Prazosin, a competitive post-synaptic alpha1adrenoreceptor antagonist is the first line of management for scorpion sting, since stimulation of alpha receptor plays an important role in the progression of clinical features

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4 BURDEN OF THE DISEASE

Scorpion sting envenomation is an acute life threatening medical emergency.1 It is a common event in the tropical, subtropical and the temperate zones of the world. It causes significant health burden in some rural areas of South India.11,12

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6 THE SCORPION STING

• THE SCORPION : MORPHOLOGY

• THE SCORPION VENOM –BIOCHEMISTRYAND EFFECTS

• CLINICAL FEATURES

• COMPLICATIONS

• INVESTIGATIONS

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MORPHOLOGY OF SCORPION

Scorpion anatomy:

1 = Cephalothorax or Prosoma; 2 = Abdomen or Mesosoma; 3 = Tail or Metasoma;

4 = Claws or Pedipalps

5 = Legs;

6 = Mouth parts or Chelicerae; 7 = pincers or Chelae;

8 = Moveable claw or Tarsus; 9 = Fixed claw or Manus; 10 = Stinger or Aculeus;

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8 The body of a scorpion has two parts :

• The head (cephalothorax)

• The abdomen (opisthosoma)

Opisthosoma is subdivided into

• Mesosoma, broad anterior preabdomen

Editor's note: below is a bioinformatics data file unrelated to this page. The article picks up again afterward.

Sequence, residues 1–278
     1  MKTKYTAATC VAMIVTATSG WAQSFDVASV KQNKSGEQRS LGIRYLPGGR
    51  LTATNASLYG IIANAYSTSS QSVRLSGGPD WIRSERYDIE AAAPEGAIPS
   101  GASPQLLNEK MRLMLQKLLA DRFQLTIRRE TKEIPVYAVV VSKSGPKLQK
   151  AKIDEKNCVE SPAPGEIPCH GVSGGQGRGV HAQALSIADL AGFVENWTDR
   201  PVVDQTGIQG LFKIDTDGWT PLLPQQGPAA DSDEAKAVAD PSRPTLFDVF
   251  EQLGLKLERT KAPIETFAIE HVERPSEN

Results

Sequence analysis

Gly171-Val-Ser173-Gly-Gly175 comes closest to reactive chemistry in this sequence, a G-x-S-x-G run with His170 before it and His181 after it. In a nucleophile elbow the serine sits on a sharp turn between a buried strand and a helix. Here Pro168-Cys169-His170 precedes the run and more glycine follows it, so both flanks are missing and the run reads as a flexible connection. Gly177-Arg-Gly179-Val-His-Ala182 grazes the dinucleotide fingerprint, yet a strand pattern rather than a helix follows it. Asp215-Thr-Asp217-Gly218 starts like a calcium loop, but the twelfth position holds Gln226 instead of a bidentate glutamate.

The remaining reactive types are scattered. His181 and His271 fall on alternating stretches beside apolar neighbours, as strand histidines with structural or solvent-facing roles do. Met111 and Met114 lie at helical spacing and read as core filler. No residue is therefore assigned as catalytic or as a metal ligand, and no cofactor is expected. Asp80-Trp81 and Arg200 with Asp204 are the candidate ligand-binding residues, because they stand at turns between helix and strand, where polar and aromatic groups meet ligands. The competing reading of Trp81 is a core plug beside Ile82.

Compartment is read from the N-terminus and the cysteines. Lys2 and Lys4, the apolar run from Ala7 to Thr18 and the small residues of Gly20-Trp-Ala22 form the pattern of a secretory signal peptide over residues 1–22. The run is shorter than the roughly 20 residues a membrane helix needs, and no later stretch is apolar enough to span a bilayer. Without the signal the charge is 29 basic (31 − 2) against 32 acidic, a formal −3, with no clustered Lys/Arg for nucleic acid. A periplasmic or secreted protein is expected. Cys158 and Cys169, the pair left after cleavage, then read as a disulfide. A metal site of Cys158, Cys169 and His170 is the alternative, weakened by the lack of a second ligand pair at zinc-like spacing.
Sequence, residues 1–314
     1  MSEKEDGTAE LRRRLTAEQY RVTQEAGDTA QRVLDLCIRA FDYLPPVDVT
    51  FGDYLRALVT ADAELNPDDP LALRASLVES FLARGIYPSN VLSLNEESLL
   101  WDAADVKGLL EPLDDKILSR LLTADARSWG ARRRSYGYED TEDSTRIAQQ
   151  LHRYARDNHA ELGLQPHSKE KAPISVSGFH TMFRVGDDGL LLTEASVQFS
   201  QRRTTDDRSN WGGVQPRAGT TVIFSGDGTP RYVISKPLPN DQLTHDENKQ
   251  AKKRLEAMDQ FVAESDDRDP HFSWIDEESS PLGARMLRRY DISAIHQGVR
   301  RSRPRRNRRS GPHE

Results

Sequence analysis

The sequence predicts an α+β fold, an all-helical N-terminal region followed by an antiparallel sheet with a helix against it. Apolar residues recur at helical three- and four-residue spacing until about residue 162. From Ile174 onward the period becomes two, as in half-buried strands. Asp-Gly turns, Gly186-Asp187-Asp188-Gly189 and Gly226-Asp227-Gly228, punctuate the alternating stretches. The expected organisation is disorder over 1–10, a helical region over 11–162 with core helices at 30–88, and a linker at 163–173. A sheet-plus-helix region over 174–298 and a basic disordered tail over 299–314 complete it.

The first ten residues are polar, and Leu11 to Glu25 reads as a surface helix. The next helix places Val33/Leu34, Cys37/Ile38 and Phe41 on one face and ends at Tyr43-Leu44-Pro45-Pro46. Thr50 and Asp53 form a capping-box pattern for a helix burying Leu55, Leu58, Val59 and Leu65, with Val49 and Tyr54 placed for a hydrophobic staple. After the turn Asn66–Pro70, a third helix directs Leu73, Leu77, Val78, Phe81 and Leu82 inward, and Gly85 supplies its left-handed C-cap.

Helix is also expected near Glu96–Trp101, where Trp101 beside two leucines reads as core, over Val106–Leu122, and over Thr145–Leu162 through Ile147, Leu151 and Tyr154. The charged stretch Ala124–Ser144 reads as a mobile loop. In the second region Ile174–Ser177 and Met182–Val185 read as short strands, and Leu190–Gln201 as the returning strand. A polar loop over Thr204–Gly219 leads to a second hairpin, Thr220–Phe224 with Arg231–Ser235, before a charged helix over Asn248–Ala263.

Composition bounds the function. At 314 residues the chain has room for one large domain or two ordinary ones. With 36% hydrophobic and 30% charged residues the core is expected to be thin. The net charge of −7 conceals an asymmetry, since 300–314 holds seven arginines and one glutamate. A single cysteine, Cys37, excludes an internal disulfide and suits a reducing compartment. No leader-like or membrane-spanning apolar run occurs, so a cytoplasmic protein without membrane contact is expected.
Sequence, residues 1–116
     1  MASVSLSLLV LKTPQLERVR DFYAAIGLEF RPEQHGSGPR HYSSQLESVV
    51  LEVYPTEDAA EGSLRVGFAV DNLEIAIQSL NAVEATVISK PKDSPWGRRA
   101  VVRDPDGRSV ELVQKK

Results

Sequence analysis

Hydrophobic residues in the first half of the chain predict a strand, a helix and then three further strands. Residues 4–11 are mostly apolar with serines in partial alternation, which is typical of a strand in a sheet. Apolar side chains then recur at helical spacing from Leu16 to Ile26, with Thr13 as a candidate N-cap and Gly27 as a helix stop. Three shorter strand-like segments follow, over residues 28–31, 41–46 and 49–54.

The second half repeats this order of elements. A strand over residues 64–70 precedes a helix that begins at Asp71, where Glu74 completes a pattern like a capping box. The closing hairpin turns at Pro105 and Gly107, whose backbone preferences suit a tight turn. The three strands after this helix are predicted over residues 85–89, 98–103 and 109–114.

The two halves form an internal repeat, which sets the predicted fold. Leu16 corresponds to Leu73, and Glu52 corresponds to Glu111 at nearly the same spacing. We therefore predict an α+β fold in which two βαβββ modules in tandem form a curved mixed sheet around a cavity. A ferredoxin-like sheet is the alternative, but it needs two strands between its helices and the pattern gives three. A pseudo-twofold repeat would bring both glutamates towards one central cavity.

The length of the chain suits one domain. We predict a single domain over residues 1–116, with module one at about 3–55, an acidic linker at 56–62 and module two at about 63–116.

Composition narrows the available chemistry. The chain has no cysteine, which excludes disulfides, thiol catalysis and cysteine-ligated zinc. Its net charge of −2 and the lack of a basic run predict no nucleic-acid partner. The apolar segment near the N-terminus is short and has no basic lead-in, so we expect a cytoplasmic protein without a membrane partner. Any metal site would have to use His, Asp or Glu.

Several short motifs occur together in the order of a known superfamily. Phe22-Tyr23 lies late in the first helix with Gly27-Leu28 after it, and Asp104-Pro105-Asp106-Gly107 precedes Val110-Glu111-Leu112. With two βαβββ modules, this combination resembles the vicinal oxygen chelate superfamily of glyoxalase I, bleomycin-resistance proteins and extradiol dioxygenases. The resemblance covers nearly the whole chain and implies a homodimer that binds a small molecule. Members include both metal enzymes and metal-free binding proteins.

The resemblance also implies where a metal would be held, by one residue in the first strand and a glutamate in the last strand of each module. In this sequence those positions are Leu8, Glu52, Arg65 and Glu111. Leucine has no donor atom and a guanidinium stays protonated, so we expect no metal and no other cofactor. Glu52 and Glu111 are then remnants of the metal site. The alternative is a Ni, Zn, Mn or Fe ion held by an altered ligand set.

• Metasoma, narrow tail-like posterior postabdomen.

Cephalothorax(head)

The cephalothorax or prosoma consists of the

• Eyes

• Mouth

• Pedipalps (the pedipalps of scorpions have claws or pincers)

• Four pairs of walking legs.

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9 Mesosoma

The mesosoma is the broad part of the abdomen (opisthosoma). It

comprises of the anterior seven segments (somites) of the opisthosoma,

each covered by a sclerotosed plate dorsally.

Metasoma

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10 THE SCORPION VENOM

The Indian red scorpion’s (Mesobuthus tamulus’) venom is a potent sodium channel activator. The venom can cause stimulation of the autonomic nervous system, leading to massive release of endogenous catecholamines(11,12).

The venom at first cause a transient cholinergic phase, followed by sustained hyperactivity of adrenergic system.

Factors determining the clinical manifestation:(9) The species of scorpion

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Fig 1 Indian red scorpion (Mesobuthus tamulus)

COMPOSITION OF SCORPION VENOM